A controversial Ohio middle school “diversity” exercise — which asked students to choose certain types of people to leave behind on a doomed Earth while others escape on a space ship — “aligned with the goals” of the school district to “promote tolerance and break down stereotypes,” the superintendent told WJW-TV.
The "Whom To Leave Behind" exercise was given to students at Roberts Middle School in Cuyahoga Falls late last month, telling them to select four people from a hypothetical list of 12 to leave behind as “tomorrow the planet Earth is doomed,” the station said, adding that the remaining eight would be passengers on a space ship to another planet.
The following are the 12 people students were told to rank from “most deserving” to “least deserving” for the escape trip, WJW said:
- an accountant with a substance abuse problem
- the accountant's pregnant wife
- a militant African-American medical student
- a 33-year-old female Native American manager who does not speak English
- a famous novelist with a physical disability
- a 21-year-old female Muslim international student
- a Hispanic clergyman who is against homosexuality
- a female movie star who was recently the victim of a sexual assault
- a racist armed police officer who has been accused of using excessive force
- a homosexual male professional athlete
- an Asian orphaned 12-year-old boy
- a 60-year old Jewish university administrator
Sixth Ward Councilman Adam Miller told WJW in an earlier story that concerned parents called him about the questionnaire, which he said could lead to “a lot of confusion” and “implant certain stereotypes and judgments within these young kids' minds that they shouldn't be having at this young age.”
Miller told the station he talked to the teacher who distributed the assignment and said the teacher was "remorseful."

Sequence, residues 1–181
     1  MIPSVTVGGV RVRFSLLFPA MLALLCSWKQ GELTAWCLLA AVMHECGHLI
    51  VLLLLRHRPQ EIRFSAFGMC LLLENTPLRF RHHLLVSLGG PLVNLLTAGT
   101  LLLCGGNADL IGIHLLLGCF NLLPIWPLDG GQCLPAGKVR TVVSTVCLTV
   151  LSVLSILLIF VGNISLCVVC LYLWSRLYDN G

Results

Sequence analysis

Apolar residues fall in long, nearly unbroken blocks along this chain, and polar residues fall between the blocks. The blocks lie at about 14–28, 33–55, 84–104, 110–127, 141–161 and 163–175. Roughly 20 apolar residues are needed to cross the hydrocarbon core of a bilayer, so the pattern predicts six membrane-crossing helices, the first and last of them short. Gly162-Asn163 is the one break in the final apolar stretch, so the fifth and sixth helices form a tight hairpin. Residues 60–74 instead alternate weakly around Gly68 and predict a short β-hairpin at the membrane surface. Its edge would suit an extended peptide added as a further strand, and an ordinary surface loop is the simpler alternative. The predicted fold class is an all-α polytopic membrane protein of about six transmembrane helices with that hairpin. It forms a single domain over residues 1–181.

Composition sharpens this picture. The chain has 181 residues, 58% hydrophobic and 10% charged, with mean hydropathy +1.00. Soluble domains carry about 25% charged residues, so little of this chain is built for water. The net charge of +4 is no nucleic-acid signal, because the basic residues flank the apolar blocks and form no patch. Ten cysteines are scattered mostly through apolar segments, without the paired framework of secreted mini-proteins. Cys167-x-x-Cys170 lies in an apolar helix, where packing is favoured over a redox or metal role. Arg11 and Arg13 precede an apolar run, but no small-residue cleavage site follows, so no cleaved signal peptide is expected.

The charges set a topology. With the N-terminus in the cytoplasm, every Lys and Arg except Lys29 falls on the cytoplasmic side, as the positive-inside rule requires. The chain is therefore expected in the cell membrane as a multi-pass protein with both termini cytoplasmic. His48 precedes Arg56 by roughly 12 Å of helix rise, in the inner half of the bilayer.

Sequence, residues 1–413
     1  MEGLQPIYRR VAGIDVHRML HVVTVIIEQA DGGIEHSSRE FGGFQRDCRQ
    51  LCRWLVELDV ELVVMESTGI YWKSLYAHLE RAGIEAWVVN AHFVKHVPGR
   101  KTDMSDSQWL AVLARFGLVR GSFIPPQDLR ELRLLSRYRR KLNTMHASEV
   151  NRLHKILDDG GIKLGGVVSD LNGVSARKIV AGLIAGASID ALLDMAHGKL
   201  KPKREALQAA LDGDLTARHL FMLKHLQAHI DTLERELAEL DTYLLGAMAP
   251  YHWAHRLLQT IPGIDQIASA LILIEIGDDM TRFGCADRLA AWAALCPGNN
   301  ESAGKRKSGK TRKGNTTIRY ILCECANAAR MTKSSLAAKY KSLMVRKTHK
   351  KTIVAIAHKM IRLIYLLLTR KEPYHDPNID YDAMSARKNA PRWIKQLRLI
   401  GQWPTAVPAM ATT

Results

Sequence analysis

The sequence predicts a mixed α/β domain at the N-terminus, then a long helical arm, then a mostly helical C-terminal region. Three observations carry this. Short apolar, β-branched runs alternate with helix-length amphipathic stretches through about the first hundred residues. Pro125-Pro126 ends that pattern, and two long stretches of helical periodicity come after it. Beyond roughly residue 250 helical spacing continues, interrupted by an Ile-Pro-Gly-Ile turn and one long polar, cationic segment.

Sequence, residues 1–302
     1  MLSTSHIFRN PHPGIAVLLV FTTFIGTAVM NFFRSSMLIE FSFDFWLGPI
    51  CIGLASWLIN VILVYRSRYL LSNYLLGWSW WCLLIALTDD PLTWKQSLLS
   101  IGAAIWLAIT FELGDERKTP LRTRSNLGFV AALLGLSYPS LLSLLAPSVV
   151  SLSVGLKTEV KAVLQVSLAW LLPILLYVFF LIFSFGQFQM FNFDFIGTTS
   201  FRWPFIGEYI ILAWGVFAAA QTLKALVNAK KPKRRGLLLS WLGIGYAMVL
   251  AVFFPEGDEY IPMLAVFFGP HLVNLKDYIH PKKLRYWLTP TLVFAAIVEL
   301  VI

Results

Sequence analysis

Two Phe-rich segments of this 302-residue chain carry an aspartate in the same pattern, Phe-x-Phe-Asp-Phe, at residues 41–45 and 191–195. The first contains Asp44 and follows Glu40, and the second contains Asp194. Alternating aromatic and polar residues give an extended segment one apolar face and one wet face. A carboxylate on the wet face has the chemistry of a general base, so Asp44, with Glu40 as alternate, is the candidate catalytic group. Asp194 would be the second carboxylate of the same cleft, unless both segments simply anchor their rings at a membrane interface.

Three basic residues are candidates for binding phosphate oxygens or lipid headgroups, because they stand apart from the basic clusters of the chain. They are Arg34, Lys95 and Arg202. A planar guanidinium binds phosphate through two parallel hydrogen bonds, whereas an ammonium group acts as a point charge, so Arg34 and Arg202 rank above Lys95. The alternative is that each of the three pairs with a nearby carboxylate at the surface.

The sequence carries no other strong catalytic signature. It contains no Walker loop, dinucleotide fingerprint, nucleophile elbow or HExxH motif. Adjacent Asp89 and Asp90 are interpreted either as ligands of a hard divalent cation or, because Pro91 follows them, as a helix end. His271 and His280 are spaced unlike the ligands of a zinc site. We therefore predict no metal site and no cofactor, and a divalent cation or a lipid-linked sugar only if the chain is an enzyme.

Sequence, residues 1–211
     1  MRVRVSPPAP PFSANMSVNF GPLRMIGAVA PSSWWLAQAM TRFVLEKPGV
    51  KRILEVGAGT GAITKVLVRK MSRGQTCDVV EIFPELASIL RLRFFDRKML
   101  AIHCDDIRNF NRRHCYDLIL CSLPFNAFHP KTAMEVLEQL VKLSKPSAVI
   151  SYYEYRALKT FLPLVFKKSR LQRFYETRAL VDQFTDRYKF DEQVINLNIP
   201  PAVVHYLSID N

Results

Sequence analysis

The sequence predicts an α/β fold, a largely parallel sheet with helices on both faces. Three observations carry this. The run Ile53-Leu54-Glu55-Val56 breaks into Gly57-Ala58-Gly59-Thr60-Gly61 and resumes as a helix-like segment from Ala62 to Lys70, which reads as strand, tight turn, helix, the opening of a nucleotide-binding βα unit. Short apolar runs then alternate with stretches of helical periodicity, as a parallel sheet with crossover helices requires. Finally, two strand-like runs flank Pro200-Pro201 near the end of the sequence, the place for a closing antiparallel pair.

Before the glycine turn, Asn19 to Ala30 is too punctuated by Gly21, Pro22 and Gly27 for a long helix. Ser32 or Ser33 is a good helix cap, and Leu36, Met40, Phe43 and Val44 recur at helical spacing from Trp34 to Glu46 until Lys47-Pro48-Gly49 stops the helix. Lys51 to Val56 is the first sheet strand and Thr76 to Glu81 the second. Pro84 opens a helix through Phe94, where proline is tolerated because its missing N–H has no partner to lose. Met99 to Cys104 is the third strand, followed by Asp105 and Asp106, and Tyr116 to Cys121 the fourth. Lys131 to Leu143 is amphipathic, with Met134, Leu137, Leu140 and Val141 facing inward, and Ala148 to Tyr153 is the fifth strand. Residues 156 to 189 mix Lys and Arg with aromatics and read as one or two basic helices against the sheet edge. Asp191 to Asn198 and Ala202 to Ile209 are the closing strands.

"He apologized for any concern the parents were upset about,” Miller added to WJW. “He said he was going to remove the assignment and not use it at any future dates."
Adam Miller (Image source: WJW-TV video screenshot)
One parent, Tia Salchak, told WJW that her seventh-grader son was uncomfortable with the exercise, telling her he “felt like he was either being racist or judgmental” choosing people to leave behind “and I don't raise my kids to judge others."
Tia Salchak (Image source: WJW-TV video screenshot)
Here’s a video report on the controversy that aired prior to the superintendent’s apology:
School district responds
Cuyahoga Falls Superintendent Todd Nichols first told the station the matter was being investigated — and a week later Nichols provided the following statement on the district's website:
With regard to the assignment recently issued by a teacher at Roberts Middle School, it is important to provide context. One of the District’s goals this year is training in the areas of diversity awareness and social justice. In this case, the intent of this assignment aligned with the goals of the District and was issued in four seventh- and eighth-grade classes.
The intent of this lesson was to engage in an activity in diversity designed to promote tolerance and break down stereotypes. The activity, which was drawn from the University of Houston’s Diversity Activities Resource Guide, was used as an ice-breaker during the first full week of school such that students can better understand each other and participate in group activities more successfully.
It is the responsibility of a 21st-century educator to deliver a holistic education to all of their students. In Cuyahoga Falls, one of our objectives is to engage in conversations concerning diversity and social justice.
Unfortunately, some parents were upset and concerned by this particular assignment and thought it was not age-appropriate. The teacher and District offer their most sincere apologies for the offense caused by the content used in this assignment. Future assignments on this topic will be more carefully selected.